Crucially, it is around the same time that Indian markets opened up and western liberal-capitalist media became popular, and his icon became popular amongst Indian youth. At the same time, with the fall of the Soviet Union and the Communist Party of China’s shift from Mao Tse Tung thought, there was a gaping lack of foreign leadership and desire for “quick revolution,” Thus, it was only in the 90s, with the capitalist adoption of Che, that the parliamentary left and its associated student groups such as SFI or DYFI adopted Che Guevara as their icon. Ambedkarite and Grassroots Left activists have criticised them for adopting his image as a prop, and without engaging with similar politics in India.
However, anti-communist and anti-Che Cuban American rhetoric has gained liberal appeal with the rise of Latinx media, a reaction to the calls for identity based representation, as well as the anti-latinx campaign that Trump had pushed forward. Anti-communist Cuban Americans present themselves as being “of colour” and working class. This is despite the fact that initial immigrants were wealthy white landowners, who feared their property would be redistributed to oppressed peasants and Afro-latinas, and/or supported the repressive Batista regiment. The later exodus was because of the economic scarcity caused because of the embargo the US enforced on Cuba. This reflects in their politics as well; even though media presents Cuban Americans as liberal to make them likeable to “woke” rich audiences, most are Republican in the US.
This also ignores the influence of CIA propaganda in generating immigration to undermine the socialist regime and to present the US as humanitarian; they made false claims that the Castros and Che were living in decadent wealth and murdering thousands. They also circulated rumours that the Cuban Government would kidnap children and indoctrinate them in camps, and then introduced the Pedro Pan program to transport children to the US. Such policies, however, are presented as being “good” by such media, and are never critically analysed for fear mongering or separating families.
Much of the information promoted by search engines such as Google also favour anti-Che rhetoric, and are often directly from the CIA. They downplay the institutionalised violence of Batista and the role of the US in creating oppressive conditions in Latin America. Instead, they present Latin American countries as inherent regressive and favour “the American Dream”. Many articles also write Che off as “homophobic” or “racist” by placing 2020 standards of “wokeness” onto the Cuban revolution, ignoring similar condition of American queer people in prisons, as well as the massive economic and social transformation of afro-Latino and indigenous populations after the revolution.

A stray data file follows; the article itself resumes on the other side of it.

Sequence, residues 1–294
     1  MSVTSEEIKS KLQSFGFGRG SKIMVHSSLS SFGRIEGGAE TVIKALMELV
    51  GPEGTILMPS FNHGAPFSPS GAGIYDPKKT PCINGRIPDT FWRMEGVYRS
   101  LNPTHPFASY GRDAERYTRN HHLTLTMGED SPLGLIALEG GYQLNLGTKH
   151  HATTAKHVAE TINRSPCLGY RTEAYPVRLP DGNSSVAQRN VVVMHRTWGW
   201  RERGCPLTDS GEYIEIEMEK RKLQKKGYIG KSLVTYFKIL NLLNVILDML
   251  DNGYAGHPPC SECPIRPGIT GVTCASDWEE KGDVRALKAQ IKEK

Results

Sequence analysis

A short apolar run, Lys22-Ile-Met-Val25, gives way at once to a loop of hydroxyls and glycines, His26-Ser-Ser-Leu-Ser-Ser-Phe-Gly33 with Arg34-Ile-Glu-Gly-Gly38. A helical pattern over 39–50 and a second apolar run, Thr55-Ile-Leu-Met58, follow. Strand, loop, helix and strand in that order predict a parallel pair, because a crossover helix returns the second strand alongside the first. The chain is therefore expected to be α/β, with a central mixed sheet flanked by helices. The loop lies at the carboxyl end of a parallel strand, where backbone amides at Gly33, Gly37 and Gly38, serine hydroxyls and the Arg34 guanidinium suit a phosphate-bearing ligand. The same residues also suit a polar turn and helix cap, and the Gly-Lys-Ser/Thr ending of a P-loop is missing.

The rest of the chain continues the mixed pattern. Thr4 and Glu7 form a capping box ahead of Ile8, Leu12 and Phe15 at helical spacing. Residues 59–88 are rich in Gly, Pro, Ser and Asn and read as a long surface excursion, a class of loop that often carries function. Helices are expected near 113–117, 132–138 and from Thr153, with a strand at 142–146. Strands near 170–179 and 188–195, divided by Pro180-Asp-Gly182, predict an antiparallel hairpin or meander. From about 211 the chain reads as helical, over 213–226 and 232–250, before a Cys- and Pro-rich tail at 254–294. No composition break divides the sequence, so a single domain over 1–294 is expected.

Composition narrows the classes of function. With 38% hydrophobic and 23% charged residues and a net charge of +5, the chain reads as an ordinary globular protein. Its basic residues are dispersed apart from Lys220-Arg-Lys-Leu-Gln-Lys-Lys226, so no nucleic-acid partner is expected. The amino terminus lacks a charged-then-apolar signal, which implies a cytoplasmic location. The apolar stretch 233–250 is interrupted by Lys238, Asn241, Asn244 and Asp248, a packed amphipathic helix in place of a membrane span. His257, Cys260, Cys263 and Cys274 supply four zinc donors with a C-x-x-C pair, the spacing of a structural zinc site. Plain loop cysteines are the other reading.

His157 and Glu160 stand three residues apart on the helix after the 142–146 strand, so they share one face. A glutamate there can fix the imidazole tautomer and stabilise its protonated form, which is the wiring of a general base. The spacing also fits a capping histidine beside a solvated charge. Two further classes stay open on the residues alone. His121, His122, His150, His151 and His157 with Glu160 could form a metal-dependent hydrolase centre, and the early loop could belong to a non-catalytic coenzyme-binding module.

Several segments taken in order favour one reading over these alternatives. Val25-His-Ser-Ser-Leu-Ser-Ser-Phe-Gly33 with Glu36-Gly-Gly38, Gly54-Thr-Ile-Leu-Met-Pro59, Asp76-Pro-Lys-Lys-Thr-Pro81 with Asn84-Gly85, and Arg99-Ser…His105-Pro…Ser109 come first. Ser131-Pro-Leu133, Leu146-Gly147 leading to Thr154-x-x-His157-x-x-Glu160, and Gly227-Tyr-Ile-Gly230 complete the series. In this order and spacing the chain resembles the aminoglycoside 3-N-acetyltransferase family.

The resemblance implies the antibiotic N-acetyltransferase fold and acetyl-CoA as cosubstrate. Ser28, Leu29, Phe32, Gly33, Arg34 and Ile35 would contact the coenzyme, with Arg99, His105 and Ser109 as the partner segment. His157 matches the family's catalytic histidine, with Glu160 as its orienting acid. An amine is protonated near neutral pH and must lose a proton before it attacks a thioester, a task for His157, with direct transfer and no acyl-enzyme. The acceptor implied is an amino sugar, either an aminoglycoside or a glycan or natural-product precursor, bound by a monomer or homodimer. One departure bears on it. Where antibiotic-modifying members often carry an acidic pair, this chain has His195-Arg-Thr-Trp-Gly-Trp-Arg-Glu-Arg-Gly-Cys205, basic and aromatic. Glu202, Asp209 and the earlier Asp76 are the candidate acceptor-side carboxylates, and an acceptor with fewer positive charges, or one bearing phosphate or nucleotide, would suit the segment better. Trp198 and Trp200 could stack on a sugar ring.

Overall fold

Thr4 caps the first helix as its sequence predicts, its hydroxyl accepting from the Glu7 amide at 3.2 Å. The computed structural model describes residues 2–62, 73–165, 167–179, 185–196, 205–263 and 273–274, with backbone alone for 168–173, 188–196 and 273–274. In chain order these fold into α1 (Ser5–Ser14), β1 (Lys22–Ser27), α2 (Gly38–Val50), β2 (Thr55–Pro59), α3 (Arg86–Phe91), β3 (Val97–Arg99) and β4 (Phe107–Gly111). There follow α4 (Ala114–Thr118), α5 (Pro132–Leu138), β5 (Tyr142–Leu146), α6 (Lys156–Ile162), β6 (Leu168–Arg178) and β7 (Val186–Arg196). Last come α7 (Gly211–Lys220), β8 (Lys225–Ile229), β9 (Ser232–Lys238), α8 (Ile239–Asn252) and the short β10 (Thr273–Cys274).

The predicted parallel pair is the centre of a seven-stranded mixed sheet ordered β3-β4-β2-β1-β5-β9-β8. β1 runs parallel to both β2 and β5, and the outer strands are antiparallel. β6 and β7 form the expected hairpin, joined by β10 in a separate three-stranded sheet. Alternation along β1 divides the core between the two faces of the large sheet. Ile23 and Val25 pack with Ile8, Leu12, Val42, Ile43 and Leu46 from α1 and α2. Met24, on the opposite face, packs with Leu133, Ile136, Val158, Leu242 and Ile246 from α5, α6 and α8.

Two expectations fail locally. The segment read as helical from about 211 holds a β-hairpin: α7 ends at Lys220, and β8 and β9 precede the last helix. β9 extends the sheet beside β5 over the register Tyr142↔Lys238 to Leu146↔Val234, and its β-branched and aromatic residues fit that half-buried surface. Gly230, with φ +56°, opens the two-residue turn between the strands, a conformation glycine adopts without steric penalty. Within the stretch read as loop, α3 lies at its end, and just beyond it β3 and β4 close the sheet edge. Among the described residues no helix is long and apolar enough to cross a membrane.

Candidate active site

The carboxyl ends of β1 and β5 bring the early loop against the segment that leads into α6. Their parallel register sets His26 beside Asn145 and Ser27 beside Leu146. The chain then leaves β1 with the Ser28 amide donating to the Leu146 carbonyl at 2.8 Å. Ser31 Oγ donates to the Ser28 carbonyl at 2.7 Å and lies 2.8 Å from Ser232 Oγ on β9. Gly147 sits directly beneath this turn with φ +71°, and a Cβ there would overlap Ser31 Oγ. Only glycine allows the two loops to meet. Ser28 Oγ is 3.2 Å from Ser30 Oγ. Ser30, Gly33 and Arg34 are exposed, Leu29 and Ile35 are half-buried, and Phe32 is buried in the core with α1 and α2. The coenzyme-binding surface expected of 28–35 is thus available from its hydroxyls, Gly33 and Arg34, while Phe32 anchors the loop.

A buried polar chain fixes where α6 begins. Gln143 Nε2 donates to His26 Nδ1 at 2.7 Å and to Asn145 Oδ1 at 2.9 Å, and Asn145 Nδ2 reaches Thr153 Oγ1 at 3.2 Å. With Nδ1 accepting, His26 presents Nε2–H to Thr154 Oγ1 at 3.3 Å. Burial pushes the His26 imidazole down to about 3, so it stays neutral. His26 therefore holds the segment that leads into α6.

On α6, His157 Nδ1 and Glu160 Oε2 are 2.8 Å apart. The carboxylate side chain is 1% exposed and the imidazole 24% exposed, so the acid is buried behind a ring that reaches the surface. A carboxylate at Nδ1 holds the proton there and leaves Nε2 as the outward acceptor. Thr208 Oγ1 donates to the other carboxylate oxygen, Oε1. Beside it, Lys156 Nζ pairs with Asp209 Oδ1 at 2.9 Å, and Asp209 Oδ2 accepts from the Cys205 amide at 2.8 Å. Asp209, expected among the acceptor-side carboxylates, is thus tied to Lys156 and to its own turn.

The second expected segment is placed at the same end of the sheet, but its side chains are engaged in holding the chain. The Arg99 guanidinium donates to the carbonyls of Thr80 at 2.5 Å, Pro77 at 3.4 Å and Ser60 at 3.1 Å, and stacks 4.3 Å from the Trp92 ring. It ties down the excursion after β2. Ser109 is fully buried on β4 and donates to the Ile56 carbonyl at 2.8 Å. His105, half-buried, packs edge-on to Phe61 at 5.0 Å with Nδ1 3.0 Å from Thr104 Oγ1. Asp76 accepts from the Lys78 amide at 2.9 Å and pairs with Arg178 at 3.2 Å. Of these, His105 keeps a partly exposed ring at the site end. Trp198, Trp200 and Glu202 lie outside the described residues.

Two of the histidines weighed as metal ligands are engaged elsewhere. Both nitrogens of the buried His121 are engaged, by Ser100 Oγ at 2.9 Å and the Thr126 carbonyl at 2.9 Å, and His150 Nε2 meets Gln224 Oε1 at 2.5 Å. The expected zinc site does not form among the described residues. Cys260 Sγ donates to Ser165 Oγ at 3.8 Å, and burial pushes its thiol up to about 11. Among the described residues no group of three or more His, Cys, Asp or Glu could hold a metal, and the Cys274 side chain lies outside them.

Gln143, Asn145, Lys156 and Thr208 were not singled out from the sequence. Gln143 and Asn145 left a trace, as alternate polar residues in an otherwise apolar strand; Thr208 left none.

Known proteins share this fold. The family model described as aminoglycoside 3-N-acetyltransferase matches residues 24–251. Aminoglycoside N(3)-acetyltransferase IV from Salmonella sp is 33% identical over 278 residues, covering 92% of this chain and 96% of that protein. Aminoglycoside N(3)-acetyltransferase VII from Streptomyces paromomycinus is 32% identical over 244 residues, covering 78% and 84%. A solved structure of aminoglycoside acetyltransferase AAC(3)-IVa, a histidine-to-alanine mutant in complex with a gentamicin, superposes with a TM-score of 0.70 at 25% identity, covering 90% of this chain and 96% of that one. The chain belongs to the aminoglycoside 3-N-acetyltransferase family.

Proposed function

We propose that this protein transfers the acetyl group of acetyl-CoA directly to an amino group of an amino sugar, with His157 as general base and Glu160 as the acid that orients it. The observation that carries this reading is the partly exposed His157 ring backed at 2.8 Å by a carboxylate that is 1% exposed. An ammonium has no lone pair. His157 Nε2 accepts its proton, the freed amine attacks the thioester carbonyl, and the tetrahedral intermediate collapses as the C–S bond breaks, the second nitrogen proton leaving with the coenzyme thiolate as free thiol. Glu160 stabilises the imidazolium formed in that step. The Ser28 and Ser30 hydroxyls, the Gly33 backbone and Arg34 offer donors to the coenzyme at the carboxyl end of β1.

Leftist culture is abusing Centrists & Gandhi while idolising Che Guevara.
— Anjali Sharma☮️🌈 (@AngieTribecca) September 23, 2020
— Anjali Sharma☮️🌈 (@AngieTribecca) September 23, 2020
Because of this, though Che remains an important figure for working class and marginalised groups, we are witnessing a shift in the way upper caste liberals respond to. For this group, “wokeness” is a matter of social status and capital, and defined through an American liberal lens. This dangerous, as it excludes those who don’t have access to American tv shows, music, influencers and politics and reduces progressive politics to being “cool”. This is a minuscule part of the population, of course, but an extremely influential and powerful group, who enforce their ideals of “wokeness” on others.
The politics of many revolutionaries, including Che, is then slowly being reduced to what is fashionable or not. And though he remains plastered on t-shirts, Che Guevara apparently is no longer “in”.